Shop before you code

Say you want to write a web applications. If it’s not a trivial web application, chances are that you’ll need to choose:

  • a programming language;
  • a web server;
  • a database management system;
  • a server-side web framework;
  • a client-side web framework.

And you do need all the above. A programming language, because you’re about to program something, so no surprise here. You also need a web server, because you’re about to write a web application and you need to deliver it, so again, no surprise.

A database management system, because you’ll want to save data and/or to share data, and it’s just too dangerous to access the file system. Strangely, though, your programming language will give you access to the file system, and it’s somewhere else, at the operating system layer, that you’ll have to restrict this. Now, depending on your application and your DBMS, your data may fit completely with the DBMS, but often, that’s not the case, because your application manipulates object-oriented data structures, while your DBMS manipulates either records and relations or keys and values. And at this stage, you have two possibilities: either you forcefeed your data into your database – essentially reinventing (de)serialization and storage on top of an antagonistic technology – or you add to your stack a form of Object Relational Manager to do this for you.

You need a server-side framework – perhaps more than one –, too, because, let’s face it, at this stage, your (empty) application already feels so complicated that you’ll need all the help you can get to avoid having to reinvent templating, POST/GET management, sessions, etc. Oh, actually, what I wrote above, that’s not quite true: depending on your framework, you may need some access to the file system for your images, your pages, etc. and all other stuff that may or may not fit naturally in the DBMS. So back to the OS layer to configure it more finely.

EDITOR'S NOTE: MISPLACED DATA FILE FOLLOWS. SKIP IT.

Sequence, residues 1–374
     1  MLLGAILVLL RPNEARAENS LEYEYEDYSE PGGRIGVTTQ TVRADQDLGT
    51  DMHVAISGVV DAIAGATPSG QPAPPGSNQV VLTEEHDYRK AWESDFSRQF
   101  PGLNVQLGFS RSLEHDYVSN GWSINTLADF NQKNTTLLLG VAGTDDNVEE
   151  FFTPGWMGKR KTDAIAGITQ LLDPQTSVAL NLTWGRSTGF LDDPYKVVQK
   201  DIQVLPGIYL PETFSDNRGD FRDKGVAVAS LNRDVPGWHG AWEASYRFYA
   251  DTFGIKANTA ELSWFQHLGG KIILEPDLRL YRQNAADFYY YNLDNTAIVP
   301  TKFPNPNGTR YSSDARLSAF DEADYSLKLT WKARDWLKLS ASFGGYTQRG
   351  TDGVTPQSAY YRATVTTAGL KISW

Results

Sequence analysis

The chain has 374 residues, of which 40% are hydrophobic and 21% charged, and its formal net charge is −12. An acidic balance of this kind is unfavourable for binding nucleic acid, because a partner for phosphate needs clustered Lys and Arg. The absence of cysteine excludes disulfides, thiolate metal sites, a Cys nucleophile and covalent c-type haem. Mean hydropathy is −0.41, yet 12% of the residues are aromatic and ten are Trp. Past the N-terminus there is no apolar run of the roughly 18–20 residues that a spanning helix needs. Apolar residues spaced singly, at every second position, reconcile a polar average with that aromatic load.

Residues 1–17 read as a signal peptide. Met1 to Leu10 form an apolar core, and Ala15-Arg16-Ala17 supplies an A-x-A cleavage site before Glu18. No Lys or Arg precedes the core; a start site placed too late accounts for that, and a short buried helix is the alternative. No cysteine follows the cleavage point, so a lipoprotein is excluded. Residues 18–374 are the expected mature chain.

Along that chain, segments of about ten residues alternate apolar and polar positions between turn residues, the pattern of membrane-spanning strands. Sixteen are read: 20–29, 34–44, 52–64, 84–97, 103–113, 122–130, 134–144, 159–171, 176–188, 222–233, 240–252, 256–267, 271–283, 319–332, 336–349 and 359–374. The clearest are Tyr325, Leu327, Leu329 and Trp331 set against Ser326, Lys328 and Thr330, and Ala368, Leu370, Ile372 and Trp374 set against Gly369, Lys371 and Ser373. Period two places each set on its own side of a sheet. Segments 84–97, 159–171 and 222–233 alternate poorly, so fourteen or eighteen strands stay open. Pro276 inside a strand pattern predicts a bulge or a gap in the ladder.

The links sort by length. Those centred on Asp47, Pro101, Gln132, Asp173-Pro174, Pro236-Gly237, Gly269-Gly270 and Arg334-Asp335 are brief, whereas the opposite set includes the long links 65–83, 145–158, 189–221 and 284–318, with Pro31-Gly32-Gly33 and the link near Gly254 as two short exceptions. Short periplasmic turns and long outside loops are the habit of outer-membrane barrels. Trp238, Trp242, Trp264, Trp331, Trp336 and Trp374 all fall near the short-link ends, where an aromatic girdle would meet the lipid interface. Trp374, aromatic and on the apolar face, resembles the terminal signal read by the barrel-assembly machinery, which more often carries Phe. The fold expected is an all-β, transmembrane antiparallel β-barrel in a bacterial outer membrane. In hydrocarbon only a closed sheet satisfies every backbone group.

And finally, you’ll certainly want to write your application for several browsers. As all developers know, there is no such thing as a pair of compatible browsers, and since you certainly don’t want to spend all of your time juggling with (largely undocumented) browser incompatibilities and/or limitations of the JavaScript standard library, it’s time to add a client-side framework, perhaps more.

So, in addition to the first list, you probably have to choose and configure:

  • an OS;
  • OS-level security layers;
  • an ORM (unless you’re reinventing yours) or an approximation thereof;

At this stage, you haven’t written “Hello, world” yet.

On the other hand, you’re about to enter dependency nightmare, because not all web servers fit with all frameworks, not all server-side frameworks with all client-side frameworks, or with all ORMs, or with all OSes, not to mention incompatibilities between OS and DBMS, etc. You also have entered documentation nightmare, because information on how to configure the security layers of your OS is marginal at best, and of course totally separate from information on how to configure your DBMS, or your ORM, or your frameworks, etc.

Note that I haven’t mentioned anything about scaling up yet, because the scaling nightmare would deserve a complete post.